Pushed out of school in Arizona

Jeff Bale reports on the effects of an anti-immigrant ballot measure.

SOME 4,000 college and university students in Arizona have been denied in-state tuition because they didn't prove they were legal residents of the state or U.S. citizens.

This is the result of Proposition 300, a ballot initiative passed in the November 2006 elections. Prop 300 added to the anti-immigrant hysteria in the state by claiming that huge numbers of undocumented immigrants were benefiting from tax-funded benefits, such as deep discounts on tuition at state colleges for Arizona residents.

On the one hand, these statistics reported by Arizona's three state universities and community colleges dispel the myth that hordes of undocumented students take advantage of the system. The number of students denied in-state tuition is just over 1 percent of in-state enrollment at Arizona institutions of higher education.

But it would be wrong to downplay the chilling effect that Prop 300 is having.

To "comply" with the new law, students must sign an affidavit attesting to their immigration status and/or citizenship. Any time forms like these are linked to social services, it affects a number of people who are legal residents, but are unsure of signing papers that threaten jail time for perjury.

In addition, high school students who benefit from "dual enrollment" programs that allow them to earn college credit for advanced math, science and foreign language classes have also been affected.

In one district in the Phoenix area, reports from teachers indicate that dual enrollments have dropped by one-half. Of course, this doesn't mean that one-half of the students are undocumented, but instead speaks to the fear that such laws create.

Defenders of Prop 300 say that undocumented students are not being kicked out of school, but "only" have to pay out-of-state tuition. At Arizona State University (ASU), though, this means a jump in full-time tuition from around $5,000 a year to over $18,000.

Even at community college, tuition jumps three- or four-fold for out-of-state students. No wonder then that the impact of Prop 300 is being felt most at the community college level.

But even more dramatic effects of the law have gone unreported. Other provisions of the ballot initiative effectively criminalize adult education offered by the Arizona Department of Education (ADE). Undocumented adults are barred entirely from all ADE programs, even if they pay for them. What's more, state-supported aid for child care is also now denied to undocumented residents.

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PROP 300 was passed overwhelmingly in the 2006 election as one among a number of anti-immigrant ballot initiatives that also declared English the official language of Arizona and barred undocumented immigrants from receiving jury awards. These referendums follow other vindictive laws passed in Arizona recently, including a 2000 measure outlawing bilingual education--named "English for the Children"--that was promoted by anti-immigrant bigot Ron Unz.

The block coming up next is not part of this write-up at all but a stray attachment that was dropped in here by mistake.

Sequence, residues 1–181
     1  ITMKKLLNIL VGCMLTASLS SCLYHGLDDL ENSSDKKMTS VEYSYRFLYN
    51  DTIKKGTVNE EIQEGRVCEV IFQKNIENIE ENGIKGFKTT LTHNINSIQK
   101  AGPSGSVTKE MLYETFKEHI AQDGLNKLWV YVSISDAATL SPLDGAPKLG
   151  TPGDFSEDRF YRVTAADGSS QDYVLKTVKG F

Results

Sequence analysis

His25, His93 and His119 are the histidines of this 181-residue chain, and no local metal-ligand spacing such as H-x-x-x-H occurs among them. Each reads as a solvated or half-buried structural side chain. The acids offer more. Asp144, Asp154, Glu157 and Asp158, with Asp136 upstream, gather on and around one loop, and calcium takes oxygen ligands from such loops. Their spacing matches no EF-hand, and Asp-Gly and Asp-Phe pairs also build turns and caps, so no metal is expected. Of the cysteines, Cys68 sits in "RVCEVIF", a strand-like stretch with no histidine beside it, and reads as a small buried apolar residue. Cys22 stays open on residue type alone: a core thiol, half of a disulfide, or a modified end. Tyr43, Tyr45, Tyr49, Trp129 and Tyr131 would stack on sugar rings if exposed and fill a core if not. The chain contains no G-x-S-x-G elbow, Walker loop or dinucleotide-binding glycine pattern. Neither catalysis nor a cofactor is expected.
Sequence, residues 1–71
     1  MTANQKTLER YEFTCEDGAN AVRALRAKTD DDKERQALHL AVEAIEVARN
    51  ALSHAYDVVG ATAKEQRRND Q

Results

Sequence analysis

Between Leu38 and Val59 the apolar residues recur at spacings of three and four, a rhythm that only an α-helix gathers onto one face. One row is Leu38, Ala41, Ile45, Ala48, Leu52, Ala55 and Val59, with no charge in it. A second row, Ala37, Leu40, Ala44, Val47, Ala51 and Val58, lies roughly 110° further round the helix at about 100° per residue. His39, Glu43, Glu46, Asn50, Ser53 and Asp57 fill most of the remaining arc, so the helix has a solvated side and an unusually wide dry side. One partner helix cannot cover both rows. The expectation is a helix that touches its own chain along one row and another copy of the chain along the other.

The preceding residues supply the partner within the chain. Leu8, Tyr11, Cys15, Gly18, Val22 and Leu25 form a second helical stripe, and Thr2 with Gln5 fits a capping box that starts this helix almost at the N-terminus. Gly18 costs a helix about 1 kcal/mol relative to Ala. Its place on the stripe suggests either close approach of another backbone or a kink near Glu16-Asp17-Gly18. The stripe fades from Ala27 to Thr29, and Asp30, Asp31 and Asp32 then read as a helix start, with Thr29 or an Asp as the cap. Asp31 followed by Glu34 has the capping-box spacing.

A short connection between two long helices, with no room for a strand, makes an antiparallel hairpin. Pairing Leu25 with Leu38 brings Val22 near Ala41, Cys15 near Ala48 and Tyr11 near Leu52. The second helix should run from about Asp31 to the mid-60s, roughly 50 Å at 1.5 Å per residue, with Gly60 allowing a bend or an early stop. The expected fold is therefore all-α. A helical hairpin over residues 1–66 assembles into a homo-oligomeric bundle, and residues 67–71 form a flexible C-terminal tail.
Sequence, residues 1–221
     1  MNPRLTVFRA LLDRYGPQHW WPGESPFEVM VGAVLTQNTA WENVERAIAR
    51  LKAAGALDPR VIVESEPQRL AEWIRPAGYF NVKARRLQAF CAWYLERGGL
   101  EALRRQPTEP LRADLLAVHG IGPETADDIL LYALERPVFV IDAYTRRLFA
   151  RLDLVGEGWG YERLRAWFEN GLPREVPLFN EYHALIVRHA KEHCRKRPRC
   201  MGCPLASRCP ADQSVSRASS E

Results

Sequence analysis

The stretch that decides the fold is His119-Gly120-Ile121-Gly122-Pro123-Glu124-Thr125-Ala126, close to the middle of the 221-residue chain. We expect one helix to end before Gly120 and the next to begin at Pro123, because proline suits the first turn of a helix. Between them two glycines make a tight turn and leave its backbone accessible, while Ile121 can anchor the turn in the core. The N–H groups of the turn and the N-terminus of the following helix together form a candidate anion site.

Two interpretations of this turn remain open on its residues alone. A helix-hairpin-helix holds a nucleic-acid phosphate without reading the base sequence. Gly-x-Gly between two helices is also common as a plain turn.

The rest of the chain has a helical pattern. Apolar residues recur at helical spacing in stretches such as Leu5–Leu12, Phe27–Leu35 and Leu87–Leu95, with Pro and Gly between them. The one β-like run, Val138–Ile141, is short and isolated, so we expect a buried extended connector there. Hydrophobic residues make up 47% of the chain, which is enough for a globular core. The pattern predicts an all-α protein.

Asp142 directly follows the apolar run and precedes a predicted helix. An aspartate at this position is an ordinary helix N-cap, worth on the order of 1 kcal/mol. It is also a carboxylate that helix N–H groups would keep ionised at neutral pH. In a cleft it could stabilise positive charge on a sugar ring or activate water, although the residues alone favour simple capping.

Last year, legislators passed an employer sanctions law stiffening penalties for companies that knowingly employ undocumented workers. In addition, several of Arizona's largest cities have directed police departments to begin conducting immigration status checks during routine policing.

These last two developments have led to the topsy-turvy situation where the business community and police chiefs have become the loudest voices against anti-immigrant laws and policies.

Taken together, these laws, referendums and directives make Arizona by far the most hostile state in the country in terms of the immigration panic. That doesn't mean, however, that there aren't openings to build a fighting movement.

For example, ASU President Michael Crow identified the roughly 200 students affected by Prop 300 and secured private scholarships to make sure they can stay in school. ASU's undergraduate student body passed a resolution in support of Crow when he came under fire from right-wingers in the state capitol and on the radio.

More important are the results of a recent Rocky Mountain Poll of residents in Maricopa County. Maricopa is home to over 3.5 million people in greater Phoenix, which accounts for over 60 percent of the state's total population. About one-third of the county's population is Latino.

The poll found that 76 percent of people thought that a federal law should be passed to allow for easier immigration to the country--an increase of 3 percent over the same poll conducted in May 2006. Some 83 percent agreed with the statement that "securing our borders should be our top priority, but fair and humane treatment foreign workers is also very important." And 64 percent disagreed with the statement that "people who enter the United States illegally to seek work are no better than common criminals."

These are not radical, pro-immigrant rights opinions, but they are in contrast to the vitriolic political atmosphere stoked by state legislators, right-wing radio hosts and Minutemen vigilantes--and they exist despite the absence of a strong immigrant rights movement.

In other words, even in the nastiest of anti-immigrant environments, the opening exists to revive activism and turn back these vindictive laws and initiatives.